“I don’t know, sir. With so many of the fellows in uniform, it’s hard to tell. I like listening to the games on Armed Forces Radio.”

Rackham chuckled. “I do too, Sergeant, but I’m a Yankees fan.”

“I supposed we’ll have to agree to disagree, then, sir.”

“That we will. Warren, your crew is working real hard to get you out or to get those gear down. I’ll stay on with you until something happens one way or the other.”

“Thank you, sir.”

“You’re a good man, Warren. We don’t want to lose you.”

“Yessir. Would you do something for me?”

“Of course.”

“If the worse happens, would you write my mom and dad and tell them I died in combat. It doesn’t sound right to die because of an equipment malfunction.”

“I will write the letter, son. Don’t worry.”

“Thank you, sir. There’s one other thing.” Otto could hear Warren’s teeth chattering over the radio link.

“What is it, Warren?”

“Is there someone who could pray with me?”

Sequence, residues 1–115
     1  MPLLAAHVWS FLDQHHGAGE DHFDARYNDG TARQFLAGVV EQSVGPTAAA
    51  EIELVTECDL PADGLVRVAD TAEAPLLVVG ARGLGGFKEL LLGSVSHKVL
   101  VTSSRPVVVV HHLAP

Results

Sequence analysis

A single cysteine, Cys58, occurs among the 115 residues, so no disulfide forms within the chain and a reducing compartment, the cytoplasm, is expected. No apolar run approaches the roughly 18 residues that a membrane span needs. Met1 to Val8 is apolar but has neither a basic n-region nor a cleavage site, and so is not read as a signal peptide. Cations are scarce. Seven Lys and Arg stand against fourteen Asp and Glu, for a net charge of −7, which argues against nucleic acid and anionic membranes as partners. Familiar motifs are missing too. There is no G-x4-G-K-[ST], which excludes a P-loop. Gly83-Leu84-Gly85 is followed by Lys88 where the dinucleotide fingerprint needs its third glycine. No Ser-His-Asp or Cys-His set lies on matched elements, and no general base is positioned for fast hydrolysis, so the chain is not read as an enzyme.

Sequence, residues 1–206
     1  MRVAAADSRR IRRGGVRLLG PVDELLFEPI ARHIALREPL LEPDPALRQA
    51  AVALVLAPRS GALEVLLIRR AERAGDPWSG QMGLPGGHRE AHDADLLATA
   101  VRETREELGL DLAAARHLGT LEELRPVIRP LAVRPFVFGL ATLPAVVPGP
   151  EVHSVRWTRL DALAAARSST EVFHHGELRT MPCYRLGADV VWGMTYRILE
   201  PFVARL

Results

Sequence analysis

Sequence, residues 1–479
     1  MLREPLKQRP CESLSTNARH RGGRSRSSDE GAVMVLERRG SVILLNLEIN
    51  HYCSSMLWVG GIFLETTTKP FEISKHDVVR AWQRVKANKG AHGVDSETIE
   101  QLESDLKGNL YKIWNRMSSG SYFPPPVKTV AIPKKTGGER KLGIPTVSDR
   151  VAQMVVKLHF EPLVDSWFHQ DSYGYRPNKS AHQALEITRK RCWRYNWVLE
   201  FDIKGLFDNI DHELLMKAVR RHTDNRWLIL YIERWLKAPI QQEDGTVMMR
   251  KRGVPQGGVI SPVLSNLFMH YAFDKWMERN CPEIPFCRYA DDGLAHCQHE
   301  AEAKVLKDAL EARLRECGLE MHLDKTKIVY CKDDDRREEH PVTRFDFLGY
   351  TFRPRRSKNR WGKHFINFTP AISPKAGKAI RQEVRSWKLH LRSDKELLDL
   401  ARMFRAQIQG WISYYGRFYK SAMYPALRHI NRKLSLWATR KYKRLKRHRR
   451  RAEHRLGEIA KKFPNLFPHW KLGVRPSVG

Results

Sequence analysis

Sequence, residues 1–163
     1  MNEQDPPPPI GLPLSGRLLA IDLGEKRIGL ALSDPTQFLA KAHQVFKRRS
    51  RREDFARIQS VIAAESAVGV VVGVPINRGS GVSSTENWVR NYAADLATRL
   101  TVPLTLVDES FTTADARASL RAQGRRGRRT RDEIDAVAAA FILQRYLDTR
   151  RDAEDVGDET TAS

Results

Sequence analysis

Rackham looked around the room. He was not known as a Holy Joe like some commanders. “Kerchner, will you say a prayer for this boy?”

Otto hesitated. “I’ll try, sir.” Rackham handed him the mic. Otto took it, looked up for a moment, and then spoke. “Warren, this is Lieutenant Kerchner. How you doing, airman?”

“I’ve been better, sir. It’s cold up here and I’m scared to death.”

“Sure, sure. Anyone would be. I’m going to pray for you. My first language wasn’t English, so forgive me if I throw in a few terms in German.”

“Sir, you could pray in Swahili and I wouldn’t mind.”

A low undercurrent of laughter ran around the tower.

“All right, Warren. Let’s pray.”

Silence descended over the normally bustling control tower. Otto thought for a moment and then prayed,

“O God, our help in ages past, our hope for years to come, our shelter from the stormy blast, and our eternal home! We come before you today for a brother in distress. We ask your continued blessings and mercy on each and all of us. Hear us when we cry to thee for those in peril in the air. Be especially close to your servant Willis and bring him through this dark valley to a safe landing. Protect and uphold all who work and fight for an end to despotism and tyranny. In your strong name we pray, amen.”